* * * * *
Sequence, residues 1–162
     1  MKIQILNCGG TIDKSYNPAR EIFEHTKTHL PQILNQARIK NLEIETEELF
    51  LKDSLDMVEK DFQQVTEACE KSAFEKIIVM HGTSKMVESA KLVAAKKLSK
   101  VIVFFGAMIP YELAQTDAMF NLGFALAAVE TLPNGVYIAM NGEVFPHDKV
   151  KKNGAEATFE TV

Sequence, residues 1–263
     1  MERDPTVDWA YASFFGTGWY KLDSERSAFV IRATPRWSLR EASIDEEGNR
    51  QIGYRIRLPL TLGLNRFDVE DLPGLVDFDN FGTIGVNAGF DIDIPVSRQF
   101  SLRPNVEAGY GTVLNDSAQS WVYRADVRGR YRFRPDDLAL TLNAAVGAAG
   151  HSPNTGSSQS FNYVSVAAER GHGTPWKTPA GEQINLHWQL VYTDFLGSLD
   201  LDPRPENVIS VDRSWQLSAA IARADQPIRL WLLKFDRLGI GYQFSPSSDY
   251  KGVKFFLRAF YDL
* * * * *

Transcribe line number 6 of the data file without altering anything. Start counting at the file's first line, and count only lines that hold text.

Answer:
Sequence, residues 1–263